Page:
“The feedback we got was extremely valuable,” said Urs. “For example, I always thought we needed to produce product from all the same species. Doing it that way was going to be expensive, with separating the woods and all, so we took out the red oak and then used mixed species in our production samples. It was very well received, and the only request we got was to use darker stains, so that the differences in the woods were not so visible. Even the holes the nails caused were perceived as giving the wood a rustic look. In fact, we just had a historic renovation where the guy in charge wanted to use those types of flooring because it was more realistic to the period. He told us not to sell the recycled floors without the nail holes because it looked more authentic. So we filled the holes and then simply finished over them.”
The input from Waste Reduction Partners did not stop with just suggestions, however. The group -- which includes retired engineers and other professionals who are interested in conservation issues -- was intrigued by the idea of working on a commercial pallet recycling project that would reduce waste and improve the use of natural resources.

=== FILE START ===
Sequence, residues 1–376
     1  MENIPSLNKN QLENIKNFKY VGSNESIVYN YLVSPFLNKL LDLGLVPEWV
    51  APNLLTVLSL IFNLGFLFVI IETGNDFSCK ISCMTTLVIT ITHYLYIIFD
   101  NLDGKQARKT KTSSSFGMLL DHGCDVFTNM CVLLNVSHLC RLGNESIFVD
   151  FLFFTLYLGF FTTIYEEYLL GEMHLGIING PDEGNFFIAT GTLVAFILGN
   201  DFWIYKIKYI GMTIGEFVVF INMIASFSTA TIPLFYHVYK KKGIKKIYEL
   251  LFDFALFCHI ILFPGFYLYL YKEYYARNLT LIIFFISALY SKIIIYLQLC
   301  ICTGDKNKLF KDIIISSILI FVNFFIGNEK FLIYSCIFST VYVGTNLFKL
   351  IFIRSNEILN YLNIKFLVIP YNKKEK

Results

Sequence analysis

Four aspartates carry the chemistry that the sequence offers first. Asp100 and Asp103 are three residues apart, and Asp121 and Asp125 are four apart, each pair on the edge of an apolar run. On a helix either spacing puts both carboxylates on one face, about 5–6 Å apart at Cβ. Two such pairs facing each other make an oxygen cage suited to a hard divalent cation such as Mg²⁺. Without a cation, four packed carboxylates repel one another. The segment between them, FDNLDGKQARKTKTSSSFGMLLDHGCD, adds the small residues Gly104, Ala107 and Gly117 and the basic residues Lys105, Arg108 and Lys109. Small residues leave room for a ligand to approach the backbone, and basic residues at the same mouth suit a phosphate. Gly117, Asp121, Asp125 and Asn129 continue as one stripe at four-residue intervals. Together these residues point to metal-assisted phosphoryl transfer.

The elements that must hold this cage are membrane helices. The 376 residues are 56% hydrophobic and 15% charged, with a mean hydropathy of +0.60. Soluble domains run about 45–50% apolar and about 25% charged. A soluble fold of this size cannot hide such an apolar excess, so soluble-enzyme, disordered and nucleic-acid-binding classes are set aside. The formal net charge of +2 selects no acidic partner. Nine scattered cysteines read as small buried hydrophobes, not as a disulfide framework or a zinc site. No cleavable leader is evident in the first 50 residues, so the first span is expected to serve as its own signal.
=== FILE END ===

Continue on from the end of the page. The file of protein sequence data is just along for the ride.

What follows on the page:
“They said, ‘Why don’t we all work together to get some sort of commercial project going here in
Enter Joe Pryor. Joe is the owner of Oaks Unlimited, a hardwood lumberyard in
“Waste Reduction Partners…was working on the project,” Joe recalled. “I contacted them and decided to try to pick up the idea and commercialize it.”
In order to make flooring, Oaks Unlimited had to ramp up a completely different production line, which meant investing in new equipment. Joe set up a small custom wood flooring shop on the premises that will run full time, allowing him to ease into the project.
“We got a grant from the state that encouraged me to put in equipment and hire employees,” he said. “I was able to use some equipment that I already have in place, such as the dry kilns, the planer and the rip saw, but we had to put in nail removal equipment and a Weinig moulder that I use to put the tongue and groove on and finish the flooring.”
Dave developed a relatively inexpensive machine for removing nail fragments from recycled pallet lumber, Joe explained. It is an air-powered punch that processes one piece of wood at a time.
Now, Oaks Unlimited is on the cusp of beginning commercial production of hardwood flooring made from recycled pallet lumber. “We’re going to begin this month (July),” he said.